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Investigation Shows Threats, Restrictions Impose Severe Obstacles for Abortion Providers, Women Seeking Abortions
Date:7/22/2009

Center for Reproductive Rights Urges Governments, Public, Medical Community to Support Abortion Providers as Human Rights Defenders

NEW YORK, July 22 /PRNewswire-USNewswire/ -- Aggressive harassment, discriminatory legal restrictions and serious stigma are reducing the number of abortion providers and making abortions more difficult for women to obtain, according to a report released today by the Center for Reproductive Rights, a leading reproductive rights advocacy group.

The report, Defending Human Rights: Abortion Providers Facing Threats, Restrictions, and Harassment, documents a four-month investigation of challenges facing abortion doctors and clinics in six states: Alabama, Mississippi, Missouri, North Dakota, Pennsylvania and Texas. The research chronicles the death threats, break-ins at homes and offices and physical assaults providers face as they protect women's reproductive health.

"Dr. Tiller's murder focused attention on this problem for a moment, but people don't realize that abortion providers operate under siege, legal and physical, every single day," explained Nancy Northup, the Center's president.

In addition to harassment, abortion providers face a web of discriminatory legal restrictions that have no medical justification, but make abortions more costly and difficult to provide, the Center's research found. Among these are laws that require a mandatory "waiting period" before a woman can obtain an abortion, counseling requirements that force doctors to present a biased and sometimes inaccurate description of abortion and its consequences, and Ambulatory Surgical Center laws that serve no purpose other than to mandate costly and sometimes impossible facilities renovations.

The Center unveiled the report in a Washington, D.C. briefing for members of Congress and staff, accompanied by Congressman Jerrold Nadler (D-NY), abortion providers and representatives of major human rights organizations.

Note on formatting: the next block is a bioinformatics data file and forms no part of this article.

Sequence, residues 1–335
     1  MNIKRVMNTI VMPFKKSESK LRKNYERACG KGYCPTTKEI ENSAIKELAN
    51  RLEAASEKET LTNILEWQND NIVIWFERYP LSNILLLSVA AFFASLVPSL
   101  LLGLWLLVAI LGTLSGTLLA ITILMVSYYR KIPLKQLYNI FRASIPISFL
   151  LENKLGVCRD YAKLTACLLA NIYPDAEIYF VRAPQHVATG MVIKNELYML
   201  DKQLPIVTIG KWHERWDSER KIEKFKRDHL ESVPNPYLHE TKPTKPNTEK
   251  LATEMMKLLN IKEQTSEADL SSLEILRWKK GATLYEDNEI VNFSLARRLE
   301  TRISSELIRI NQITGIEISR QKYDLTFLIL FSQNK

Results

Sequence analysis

Amy Hagstrom Miller, the president and CEO of Whole Woman's Health in Texas, welcomed the report. "For more than 35 years, abortion providers have provided an oasis for women needing to contemplate the most fundamental of decisions safe from the stigma surrounding abortion," she said. "Women have always had and will always have abortions. The question is whether safe and legal providers are available to them."

The report also argues that because abortion providers enable women to realize basic human rights such as the rights to health, equality, life, and privacy, they should be recognized as human rights defenders. It urges the state and federal government to adopt international standards for protecting and supporting clinic workers.

The report describes the international legal framework for ensuring that human rights defenders can function safely and effectively. In addition to international agreements on international human rights, including reproductive rights, the United Nations adopted a Declaration on Human Rights Defenders in 1998 with the support of the United States. Recognizing that human rights defenders often face stigma and opposition, the Declaration requires States to protect these workers.

"As this important report makes clear, preserving the legal right to abortion is a necessary but not a sufficient condition for making women's reproductive rights effective in the United States," said Meghan Rhoad, researcher for the Women's Rights Division at Human Rights Watch. "Every day, medical professionals struggle against tremendous odds and at personal cost to give these rights meaning by ensuring access to abortion services. It is time for the government to stand with these human rights defenders."

Instead, the Center's research shows that state and local governments often work against abortion providers. For example, in the 2009 state legislative session alone, 23 bills restricting abortion were introduced in Texas and 18 were introduced in Mississippi.

"The result," said Northup, "is not just endangerment and marginalization of abortion providers, but a denial of rights for the one in three American women who will seek an abortion in their lifetimes. The number of abortion providers in the United States fell by 25% just between 1992 and 2005. Without providers, the right to abortion is meaningless."

Two of the states featured in the report, North Dakota and Mississippi, have only a single abortion provider. Nationwide, 87 percent of counties in the country lack an abortion provider, and nearly a quarter of the women in the U.S. must travel more than 50 miles to reach one.

The Center for Reproductive Rights uses the law to advance reproductive freedom as a fundamental right that all governments are obligated to protect, respect and fulfill.


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SOURCE Center for Reproductive Rights
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